CNet Cracking Down on Linking

By Deane Barker on December 12, 2003

CNET’s legal team is going after news linkers: I link to a lot of CNet’s articles. Here’s to hoping I’m not next.

An editor of one of the sites that I closely work for has informed me that has issued a cease and desist notice citing that linking to their publicly published articles is in direct violation of U.S. Copyright Law and fails the “Fair Use” provision.



  1. I’m sorry, I just don’t get that. If you publish something in a public forum, and people link to it, those people are driving more traffic to your site. Period. That’s more sets of eyes to display ads to, or sell products to, or whatever.

    If people were doing the ol’ copy-paste action and posting CNET news on their own sites, that would be a problem. But as it stands, I just don’t get it.

  2. And if they’re so uptight about it, there’s a simple solution to make sure everyone comes in through the front page:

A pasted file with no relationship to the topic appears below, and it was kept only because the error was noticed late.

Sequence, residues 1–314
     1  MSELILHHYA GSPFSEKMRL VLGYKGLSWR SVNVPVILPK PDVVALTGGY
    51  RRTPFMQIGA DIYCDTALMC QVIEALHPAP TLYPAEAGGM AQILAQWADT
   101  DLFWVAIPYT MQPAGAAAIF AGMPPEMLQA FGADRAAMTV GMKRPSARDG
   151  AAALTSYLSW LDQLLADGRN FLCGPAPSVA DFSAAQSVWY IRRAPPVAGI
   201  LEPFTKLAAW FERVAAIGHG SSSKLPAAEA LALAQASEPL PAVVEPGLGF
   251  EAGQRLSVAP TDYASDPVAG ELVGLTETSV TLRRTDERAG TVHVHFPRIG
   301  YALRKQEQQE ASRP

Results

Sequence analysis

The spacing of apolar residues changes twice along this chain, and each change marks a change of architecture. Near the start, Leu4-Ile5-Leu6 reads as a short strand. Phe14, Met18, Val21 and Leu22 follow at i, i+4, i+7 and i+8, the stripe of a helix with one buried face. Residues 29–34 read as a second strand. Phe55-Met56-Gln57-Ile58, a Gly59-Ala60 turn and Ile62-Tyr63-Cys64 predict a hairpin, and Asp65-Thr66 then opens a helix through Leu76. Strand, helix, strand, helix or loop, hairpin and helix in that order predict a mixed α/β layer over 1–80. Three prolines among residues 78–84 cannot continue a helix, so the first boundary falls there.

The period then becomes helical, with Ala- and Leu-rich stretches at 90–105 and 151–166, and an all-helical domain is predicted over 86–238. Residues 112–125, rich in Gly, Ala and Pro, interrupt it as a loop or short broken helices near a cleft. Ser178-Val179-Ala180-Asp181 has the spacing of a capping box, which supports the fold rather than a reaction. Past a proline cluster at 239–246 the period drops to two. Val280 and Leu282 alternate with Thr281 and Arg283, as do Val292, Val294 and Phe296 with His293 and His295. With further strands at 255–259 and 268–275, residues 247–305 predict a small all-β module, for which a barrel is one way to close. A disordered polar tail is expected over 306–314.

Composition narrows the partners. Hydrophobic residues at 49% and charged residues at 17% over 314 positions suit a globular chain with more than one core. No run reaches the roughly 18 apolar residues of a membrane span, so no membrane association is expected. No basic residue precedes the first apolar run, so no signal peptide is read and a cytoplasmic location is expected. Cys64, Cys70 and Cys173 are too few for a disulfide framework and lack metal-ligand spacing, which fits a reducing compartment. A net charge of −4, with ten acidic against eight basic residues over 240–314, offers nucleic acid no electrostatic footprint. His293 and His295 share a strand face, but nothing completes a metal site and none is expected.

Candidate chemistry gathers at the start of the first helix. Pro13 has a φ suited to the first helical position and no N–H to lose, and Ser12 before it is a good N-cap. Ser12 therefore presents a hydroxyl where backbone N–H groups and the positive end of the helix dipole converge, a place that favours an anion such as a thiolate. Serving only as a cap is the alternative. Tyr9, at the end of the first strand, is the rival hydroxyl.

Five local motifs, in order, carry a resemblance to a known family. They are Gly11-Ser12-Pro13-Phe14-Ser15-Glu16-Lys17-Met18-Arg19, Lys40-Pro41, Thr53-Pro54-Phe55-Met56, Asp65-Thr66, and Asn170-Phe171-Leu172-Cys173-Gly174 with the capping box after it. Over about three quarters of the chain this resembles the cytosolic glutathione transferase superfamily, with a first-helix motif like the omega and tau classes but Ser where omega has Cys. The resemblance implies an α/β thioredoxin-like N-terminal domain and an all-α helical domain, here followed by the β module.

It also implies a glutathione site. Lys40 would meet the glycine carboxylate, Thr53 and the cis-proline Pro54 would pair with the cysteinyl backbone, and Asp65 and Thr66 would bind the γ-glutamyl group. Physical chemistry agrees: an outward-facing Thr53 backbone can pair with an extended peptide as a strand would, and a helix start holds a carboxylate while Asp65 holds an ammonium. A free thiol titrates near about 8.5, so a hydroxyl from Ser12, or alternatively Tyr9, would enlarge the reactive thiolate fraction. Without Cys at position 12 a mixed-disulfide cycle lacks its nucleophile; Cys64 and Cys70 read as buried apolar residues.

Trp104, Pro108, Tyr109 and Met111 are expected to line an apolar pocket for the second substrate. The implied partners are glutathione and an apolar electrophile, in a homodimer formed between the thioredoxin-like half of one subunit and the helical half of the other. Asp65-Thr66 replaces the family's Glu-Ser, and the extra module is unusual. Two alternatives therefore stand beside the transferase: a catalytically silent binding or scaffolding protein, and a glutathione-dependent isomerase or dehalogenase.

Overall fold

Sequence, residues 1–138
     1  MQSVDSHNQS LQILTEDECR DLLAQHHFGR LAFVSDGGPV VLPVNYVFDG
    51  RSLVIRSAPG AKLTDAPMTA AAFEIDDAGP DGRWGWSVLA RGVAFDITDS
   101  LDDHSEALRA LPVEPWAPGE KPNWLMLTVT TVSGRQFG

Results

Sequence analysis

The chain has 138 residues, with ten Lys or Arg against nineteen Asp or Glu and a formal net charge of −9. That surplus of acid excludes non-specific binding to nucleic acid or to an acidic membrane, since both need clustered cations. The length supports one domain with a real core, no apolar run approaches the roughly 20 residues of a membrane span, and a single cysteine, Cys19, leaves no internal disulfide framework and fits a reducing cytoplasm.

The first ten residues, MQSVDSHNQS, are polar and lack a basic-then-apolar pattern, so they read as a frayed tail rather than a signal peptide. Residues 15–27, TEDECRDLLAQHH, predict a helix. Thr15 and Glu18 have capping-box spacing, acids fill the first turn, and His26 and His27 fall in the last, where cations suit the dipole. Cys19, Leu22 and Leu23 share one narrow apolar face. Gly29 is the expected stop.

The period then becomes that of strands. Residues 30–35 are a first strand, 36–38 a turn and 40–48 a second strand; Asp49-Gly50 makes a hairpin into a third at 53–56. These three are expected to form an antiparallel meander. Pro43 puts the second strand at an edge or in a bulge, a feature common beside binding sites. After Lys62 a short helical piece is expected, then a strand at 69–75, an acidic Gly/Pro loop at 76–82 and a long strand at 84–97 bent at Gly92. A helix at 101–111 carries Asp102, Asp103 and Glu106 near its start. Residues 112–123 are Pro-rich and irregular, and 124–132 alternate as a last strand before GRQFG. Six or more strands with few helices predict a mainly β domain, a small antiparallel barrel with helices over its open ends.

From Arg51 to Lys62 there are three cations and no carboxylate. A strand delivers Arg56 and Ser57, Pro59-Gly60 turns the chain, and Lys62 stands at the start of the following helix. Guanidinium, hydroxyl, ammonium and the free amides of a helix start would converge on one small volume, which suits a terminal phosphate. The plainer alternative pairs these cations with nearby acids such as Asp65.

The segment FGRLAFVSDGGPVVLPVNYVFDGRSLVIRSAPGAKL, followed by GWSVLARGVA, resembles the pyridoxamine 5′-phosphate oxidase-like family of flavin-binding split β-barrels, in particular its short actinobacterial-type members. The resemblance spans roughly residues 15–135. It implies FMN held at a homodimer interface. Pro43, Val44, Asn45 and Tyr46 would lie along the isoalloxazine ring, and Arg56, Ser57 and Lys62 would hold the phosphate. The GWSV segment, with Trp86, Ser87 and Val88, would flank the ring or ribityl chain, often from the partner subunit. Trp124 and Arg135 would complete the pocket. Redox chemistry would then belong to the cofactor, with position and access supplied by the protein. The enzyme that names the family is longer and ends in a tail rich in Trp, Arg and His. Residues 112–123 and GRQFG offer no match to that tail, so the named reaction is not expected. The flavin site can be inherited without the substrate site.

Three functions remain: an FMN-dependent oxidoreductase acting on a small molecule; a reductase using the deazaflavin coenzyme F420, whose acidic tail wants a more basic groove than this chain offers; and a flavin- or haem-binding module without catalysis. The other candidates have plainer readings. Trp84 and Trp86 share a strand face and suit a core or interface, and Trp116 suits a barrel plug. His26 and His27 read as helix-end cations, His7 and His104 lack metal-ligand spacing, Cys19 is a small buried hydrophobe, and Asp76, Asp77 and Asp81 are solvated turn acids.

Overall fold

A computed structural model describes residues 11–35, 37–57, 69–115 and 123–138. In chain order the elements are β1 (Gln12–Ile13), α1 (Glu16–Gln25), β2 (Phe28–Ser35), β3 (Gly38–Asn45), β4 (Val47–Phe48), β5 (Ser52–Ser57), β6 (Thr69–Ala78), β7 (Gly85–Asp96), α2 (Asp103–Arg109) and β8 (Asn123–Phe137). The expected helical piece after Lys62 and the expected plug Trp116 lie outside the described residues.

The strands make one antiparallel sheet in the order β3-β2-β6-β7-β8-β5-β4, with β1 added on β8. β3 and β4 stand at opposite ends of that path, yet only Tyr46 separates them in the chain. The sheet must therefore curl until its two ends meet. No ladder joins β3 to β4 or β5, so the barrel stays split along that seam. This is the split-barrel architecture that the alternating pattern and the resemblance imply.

Set a session variable on the front page only. If someone comes in on any other page without that variable set, redirect them to the front page.

    There, problem solved.

  3. Umm, that seems to be against their linking policy, which encourages linking:

    Please do:

    * Link to CNET content directly. CNET encourages direct links. As stated clearly on the CNET Networks Permissions page: "You may link from another site to CNET Networks' online content including reviews, articles, features, video and audio clips."
    * Observe all copyright laws. Here's the CNET Networks copyright information.
    * You are welcome to use the title or headline of the article to which you are linking, as long as you link directly to the article. To make this process even easier, CNET offers Really Simple Syndication (RSS) feeds of our stories at

    Unless the site in question is disregarding:

    Please do not:

    * Use a CNET headline to link anywhere but directly to the CNET story.
    * Attribute a link on your site to CNET and then link somewhere else.
    * Write and link to a summary of the CNET story which exceeds fair use guidelines.
    * Frame the CNET story or otherwise present the content as your own.
    * Use any images from CNET stories on your site.


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